Online Gambling: States Roll the Dice for More Tax Revenues
By Rick Mayer,
You can’t open a newspaper without reading about it, or turn on the television without seeing it: States need a lot more cash to fund exploding budget obligations. The expenses are always increasing, but in this lackluster economy, tax revenues aren’t. It is a vicious circle, really. States increase taxes to cover budget deficits. Taxes get too high. Those who can afford to do so leave and take their adjusted gross incomes (and, in some cases, their companies) with them. The result: higher unemployment back home, and fewer people left to carry the tax load. Many of these left-behind residents can’t keep up with the burden and soon need public assistance. This leads to increased social program costs, and the cycle escalates. California, New York, and New Jersey are prime examples of the trend. So, what do you do when your conventional sources of revenues aren’t enough? How about sanctioning a once illegal-activity so that you can tax it
Yes, we Americans are truly a creative lot. Believe it or not, each of the 13 original colonies enacted lotteries specifically to tax them. After all, they needed to pay their mounting debts and grow their fledgling economies. Some colonies even had more than one lottery! The proceeds from this taxation helped establish some of our most prestigious universities, such as Harvard, Yale, Columbia, Princeton, and William and Mary. So much for those pesky Puritan values when growing the colonial coffers was at stake! So it is clear that the taxation of gaming is nothing new.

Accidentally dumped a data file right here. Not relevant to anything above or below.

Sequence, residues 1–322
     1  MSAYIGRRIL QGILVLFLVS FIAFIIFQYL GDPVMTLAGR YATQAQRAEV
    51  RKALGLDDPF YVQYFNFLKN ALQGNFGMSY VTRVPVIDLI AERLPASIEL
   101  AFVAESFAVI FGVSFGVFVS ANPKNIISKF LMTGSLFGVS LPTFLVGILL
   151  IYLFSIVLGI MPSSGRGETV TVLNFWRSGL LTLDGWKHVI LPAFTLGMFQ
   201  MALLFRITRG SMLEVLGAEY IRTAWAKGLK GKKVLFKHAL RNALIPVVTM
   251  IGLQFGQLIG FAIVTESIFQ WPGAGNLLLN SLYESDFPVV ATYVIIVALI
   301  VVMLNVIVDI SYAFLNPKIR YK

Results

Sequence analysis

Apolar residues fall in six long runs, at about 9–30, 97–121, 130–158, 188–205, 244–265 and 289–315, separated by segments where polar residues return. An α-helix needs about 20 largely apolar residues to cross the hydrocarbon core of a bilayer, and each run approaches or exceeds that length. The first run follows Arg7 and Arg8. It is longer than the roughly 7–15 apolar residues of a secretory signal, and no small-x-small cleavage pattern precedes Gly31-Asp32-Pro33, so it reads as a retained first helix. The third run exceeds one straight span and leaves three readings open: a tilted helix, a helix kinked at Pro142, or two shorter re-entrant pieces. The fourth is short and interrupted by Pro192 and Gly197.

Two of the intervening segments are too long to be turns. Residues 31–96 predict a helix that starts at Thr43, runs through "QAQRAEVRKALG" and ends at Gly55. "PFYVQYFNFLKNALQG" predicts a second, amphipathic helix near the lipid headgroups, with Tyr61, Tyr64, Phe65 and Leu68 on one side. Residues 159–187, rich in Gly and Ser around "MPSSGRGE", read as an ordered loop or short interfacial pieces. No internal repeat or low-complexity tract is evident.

When you think of gambling, the first place that comes to mind is usually Las Vegas. But it turns out that the actual winner of gambling operation expansion is Pennsylvania. In addition to the standard corporate tax, Pennsylvania levies a tax rate of 55% on all slot revenues, and 16% on table games. That translates to more revenue than all of Nevada’s operations. Traditional gambling is legal today in 22 states with more than 560 different casinos in one form or another. Excluding lotteries, gambling generated almost $7.6 billion in tax revenues for states and localities in 2010. Proponents suggest that the positive impact is even greater because of the hundreds of thousands of jobs created.
The legalization of online gambling is seen as the next golden goose for cash-strapped states, as well as a boon for tech companies. In February 2013, the governors of New Jersey and Nevada signed laws to legalize online gambling in their states. Only online poker is approved in Nevada right now, and the law is presently limited to intrastate play only. Baby steps at first, but we all know how that goes, and where that will lead. Eventually, through new legislation, it will lead to online gambling across state lines, and a potentially huge revenue jackpot. New Jersey projects that state revenues from casino gambling will nearly double next year to $436 million, thanks in large part to online gambling. That said, someone now needs to create the programs and run the services, and the competition is fierce among tech companies for these very lucrative contracts.
New Jersey is the most populous state to approve online gaming, following Delaware and Nevada. Many others are considering it. An Illinois senate committee filed a bill earlier this week that could authorize online gambling there. Even the federal government wants a piece of that action with games of its own.
Yes, to this day the creativity of our state and federal legislators carries on. It is in our DNA, I guess. So, what will be taxed next? Guess we have to stay tuned to find out!